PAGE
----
Nathon is the administrative capital of Koh Samui, located around the Nathon Pier area where
boats to and from mainland Surat Thani, Koh Tao and Koh Phangan dock. Many shops are
located along Chonwithee Road selling second-hand books, sarongs, jewellery and souvenirs.

Laem Din Market
Laem Din Market is a bustling day market selling fresh vegetables, fruits, fish and meat. Located
behind Chaweng Beach Road, the traditional market also has a dry section selling cheap clothes.

Lamai Market
Lamai Market located along the Ring Road is another popular fresh market. It sells everything
from vegetables, fruits, meat and fish to dry goods like clothes and toys. There are also food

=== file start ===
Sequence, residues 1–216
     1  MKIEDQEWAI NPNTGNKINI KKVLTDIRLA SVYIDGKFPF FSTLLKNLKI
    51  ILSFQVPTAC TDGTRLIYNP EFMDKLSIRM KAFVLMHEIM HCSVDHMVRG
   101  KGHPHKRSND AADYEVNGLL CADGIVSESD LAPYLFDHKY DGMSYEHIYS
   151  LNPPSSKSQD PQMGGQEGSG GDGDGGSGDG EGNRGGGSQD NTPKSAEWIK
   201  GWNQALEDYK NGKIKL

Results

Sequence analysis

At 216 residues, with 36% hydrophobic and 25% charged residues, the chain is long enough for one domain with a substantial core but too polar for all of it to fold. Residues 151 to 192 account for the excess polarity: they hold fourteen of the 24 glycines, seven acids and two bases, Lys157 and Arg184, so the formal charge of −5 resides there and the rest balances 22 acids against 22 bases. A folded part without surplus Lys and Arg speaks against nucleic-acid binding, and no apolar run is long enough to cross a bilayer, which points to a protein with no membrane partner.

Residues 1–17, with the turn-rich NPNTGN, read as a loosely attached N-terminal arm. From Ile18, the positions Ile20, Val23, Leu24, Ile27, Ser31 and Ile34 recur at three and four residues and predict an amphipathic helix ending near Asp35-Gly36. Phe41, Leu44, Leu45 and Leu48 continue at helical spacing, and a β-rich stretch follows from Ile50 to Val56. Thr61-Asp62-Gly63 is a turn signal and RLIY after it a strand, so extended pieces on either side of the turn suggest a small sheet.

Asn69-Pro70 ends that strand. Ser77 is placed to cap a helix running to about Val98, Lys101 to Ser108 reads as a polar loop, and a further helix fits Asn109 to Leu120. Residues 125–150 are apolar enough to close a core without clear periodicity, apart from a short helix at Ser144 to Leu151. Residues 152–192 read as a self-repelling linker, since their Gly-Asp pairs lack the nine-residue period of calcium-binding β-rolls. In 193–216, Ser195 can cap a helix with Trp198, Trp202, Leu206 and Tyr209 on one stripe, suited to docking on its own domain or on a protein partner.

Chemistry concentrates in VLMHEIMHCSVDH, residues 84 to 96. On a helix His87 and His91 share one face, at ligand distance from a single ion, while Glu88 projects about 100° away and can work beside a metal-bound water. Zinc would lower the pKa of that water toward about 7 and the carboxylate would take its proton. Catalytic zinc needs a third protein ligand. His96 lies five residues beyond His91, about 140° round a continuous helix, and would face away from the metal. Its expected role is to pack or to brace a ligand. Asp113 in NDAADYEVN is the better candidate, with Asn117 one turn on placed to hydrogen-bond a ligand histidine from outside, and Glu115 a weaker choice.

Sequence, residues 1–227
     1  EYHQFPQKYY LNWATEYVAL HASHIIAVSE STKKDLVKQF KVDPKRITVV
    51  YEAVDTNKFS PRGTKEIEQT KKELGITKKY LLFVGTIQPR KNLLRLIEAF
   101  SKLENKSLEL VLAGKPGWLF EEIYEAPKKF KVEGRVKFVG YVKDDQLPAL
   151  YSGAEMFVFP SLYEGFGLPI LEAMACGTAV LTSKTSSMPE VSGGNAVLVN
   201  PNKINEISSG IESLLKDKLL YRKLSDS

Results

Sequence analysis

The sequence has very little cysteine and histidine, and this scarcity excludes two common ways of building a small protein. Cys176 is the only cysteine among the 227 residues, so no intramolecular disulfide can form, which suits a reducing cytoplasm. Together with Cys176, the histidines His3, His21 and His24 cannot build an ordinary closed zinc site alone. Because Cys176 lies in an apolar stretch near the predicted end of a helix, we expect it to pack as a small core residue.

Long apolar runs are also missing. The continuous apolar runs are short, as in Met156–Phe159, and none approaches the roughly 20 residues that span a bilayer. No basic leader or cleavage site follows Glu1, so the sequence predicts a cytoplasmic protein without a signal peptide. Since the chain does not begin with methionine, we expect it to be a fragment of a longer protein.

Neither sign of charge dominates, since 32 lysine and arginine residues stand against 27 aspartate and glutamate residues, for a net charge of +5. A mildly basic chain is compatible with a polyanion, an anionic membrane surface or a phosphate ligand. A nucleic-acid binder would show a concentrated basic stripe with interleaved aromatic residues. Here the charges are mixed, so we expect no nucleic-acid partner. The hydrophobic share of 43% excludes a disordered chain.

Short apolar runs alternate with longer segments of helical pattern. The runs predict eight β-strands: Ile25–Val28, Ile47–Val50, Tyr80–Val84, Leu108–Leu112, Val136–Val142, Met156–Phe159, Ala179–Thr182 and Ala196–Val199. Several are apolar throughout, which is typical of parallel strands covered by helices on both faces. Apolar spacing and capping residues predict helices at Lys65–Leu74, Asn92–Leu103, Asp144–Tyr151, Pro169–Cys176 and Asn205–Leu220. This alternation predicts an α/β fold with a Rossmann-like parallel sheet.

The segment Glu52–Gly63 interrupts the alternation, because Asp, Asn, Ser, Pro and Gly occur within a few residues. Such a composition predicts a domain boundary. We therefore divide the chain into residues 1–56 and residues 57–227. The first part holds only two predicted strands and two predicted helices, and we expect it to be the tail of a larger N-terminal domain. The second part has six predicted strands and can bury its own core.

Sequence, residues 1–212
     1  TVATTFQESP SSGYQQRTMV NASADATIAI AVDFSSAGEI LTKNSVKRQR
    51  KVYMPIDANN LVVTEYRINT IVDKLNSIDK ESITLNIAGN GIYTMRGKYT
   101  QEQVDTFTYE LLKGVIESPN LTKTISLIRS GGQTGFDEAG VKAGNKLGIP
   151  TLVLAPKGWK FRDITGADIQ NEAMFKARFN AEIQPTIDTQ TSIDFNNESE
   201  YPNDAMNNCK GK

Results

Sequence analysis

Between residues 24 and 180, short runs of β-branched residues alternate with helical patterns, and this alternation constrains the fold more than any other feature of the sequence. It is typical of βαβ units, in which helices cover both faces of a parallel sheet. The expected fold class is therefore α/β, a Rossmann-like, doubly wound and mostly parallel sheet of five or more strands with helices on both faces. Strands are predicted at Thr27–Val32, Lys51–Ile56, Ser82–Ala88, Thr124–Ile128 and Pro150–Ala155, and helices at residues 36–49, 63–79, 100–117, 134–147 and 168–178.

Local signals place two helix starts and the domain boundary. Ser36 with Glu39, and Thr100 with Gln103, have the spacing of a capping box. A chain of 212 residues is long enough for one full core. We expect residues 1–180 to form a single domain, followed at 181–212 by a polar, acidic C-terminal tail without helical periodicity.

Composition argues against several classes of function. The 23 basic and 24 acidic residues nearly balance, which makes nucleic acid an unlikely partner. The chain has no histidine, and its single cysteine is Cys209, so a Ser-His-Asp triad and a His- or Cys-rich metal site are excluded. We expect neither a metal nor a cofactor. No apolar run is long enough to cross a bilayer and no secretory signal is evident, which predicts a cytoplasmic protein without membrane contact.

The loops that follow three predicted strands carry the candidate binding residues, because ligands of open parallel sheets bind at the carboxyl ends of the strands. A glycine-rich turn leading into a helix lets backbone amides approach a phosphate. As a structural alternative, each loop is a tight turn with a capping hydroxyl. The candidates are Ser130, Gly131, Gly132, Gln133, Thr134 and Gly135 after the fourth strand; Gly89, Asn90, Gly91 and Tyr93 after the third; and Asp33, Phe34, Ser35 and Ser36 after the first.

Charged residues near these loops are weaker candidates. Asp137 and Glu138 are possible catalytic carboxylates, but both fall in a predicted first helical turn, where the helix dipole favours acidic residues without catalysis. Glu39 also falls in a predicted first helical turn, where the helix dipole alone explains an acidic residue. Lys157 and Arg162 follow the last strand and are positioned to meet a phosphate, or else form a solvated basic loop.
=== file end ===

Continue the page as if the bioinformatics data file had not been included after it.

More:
stalls where you can take away tasty and authentic snacks for cheap.


Nightlife
Chaweng
The Koh Samui nightlife is centred around Chaweng, the island’s party central. There are
numerous bars, pubs and clubs located along Chaweng Beach Road, Soi Green Mango and Soi
Reggae. Providing options as diverse as reggae pubs to ladyboy cabaret shows, Chaweng is fast
becoming one of Thailand’s biggest nightlife areas.

Lamai
Lamai is another good area to experience Koh Samui’s nightlife. Though not as developed and
vibrant as Chaweng, it is still home to plenty of restaurant bars, pubs and clubs – many of which
are Australian, Irish and British-themed. There are also plenty of beach side places to chill and
relax.

Bo Phut
Bo Phut and Maenam in the northern part of the island provides for those looking for quieter and